The Semiotics Of Ageing IN Advertising: Our Changing Discussion on Age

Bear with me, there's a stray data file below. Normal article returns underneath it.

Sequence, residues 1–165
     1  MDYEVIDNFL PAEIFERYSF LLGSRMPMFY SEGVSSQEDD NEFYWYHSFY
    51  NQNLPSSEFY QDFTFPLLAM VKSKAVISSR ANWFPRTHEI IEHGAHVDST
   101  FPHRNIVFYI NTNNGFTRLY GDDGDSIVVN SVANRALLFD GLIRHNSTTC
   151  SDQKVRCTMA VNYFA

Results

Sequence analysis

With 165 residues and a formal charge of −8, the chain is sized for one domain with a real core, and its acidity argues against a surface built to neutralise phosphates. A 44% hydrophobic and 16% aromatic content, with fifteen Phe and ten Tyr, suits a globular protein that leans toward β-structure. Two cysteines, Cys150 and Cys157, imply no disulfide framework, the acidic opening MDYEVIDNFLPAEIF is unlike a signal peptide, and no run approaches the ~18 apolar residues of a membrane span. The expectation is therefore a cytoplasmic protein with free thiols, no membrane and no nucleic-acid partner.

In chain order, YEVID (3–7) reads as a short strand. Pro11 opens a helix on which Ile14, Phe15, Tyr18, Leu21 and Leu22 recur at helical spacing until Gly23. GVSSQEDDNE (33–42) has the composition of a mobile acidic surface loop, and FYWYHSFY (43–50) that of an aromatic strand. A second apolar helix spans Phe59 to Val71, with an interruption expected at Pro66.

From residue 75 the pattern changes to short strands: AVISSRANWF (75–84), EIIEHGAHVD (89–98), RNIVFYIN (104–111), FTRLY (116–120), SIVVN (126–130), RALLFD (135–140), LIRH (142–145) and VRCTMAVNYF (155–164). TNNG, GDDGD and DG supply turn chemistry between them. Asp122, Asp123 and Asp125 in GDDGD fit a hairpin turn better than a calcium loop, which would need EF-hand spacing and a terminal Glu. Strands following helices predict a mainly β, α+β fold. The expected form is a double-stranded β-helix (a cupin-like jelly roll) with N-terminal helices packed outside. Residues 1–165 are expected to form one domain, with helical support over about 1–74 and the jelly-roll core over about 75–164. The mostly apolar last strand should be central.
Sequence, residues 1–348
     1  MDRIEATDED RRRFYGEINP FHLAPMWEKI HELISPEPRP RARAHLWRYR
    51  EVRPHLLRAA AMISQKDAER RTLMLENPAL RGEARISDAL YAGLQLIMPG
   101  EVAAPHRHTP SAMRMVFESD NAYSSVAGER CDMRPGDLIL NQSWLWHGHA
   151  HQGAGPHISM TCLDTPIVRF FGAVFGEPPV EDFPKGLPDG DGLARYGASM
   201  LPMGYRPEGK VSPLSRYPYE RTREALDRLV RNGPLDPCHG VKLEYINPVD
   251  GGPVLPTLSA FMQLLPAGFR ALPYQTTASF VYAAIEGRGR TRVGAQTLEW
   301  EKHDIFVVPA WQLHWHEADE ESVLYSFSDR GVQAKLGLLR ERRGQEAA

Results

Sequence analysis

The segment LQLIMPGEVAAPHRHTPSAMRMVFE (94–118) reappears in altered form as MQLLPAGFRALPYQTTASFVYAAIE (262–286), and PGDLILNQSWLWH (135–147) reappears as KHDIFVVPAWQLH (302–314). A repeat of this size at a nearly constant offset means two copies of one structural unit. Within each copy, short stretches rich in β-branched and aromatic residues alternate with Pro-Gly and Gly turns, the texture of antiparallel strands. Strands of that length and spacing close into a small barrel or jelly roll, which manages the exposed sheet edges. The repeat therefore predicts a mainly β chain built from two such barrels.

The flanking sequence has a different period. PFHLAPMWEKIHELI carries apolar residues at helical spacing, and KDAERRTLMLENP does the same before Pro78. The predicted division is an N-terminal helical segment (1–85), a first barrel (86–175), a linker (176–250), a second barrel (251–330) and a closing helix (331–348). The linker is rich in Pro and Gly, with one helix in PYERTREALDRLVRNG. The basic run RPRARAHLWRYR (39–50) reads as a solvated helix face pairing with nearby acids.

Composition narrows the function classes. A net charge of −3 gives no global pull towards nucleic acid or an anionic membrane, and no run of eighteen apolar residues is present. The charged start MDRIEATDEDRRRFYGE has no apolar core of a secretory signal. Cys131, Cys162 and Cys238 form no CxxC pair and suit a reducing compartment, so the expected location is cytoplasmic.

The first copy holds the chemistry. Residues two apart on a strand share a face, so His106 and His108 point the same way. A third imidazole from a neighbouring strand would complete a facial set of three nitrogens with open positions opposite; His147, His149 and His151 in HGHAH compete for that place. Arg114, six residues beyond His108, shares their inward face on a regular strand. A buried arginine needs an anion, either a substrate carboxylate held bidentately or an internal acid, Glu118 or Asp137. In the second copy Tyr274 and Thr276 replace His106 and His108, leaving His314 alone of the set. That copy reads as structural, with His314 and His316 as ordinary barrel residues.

We started a revolution in the 60’s and we’re continuing it in our 60’s and beyond! 70 really is the new 50. Advertisers are paying attention; Estée Lauder, for example, has brought back their old beauty icon, 66 year old Isabella Rossellini, after dropping her in her 40’s. The new dialog eschews the idea that wrinkles are flaws, reminding the world that the emergence of this dermatological landscape of lines and crevices demonstrates experience and a ‘knowing' resulting from having lived it. Thus, wrinkles present true beauty. “Society has been oriented towards youth, but this trend is changing: the growing number of people who are now classified as senior citizens is a powerful force for change” (Stuckleberger).

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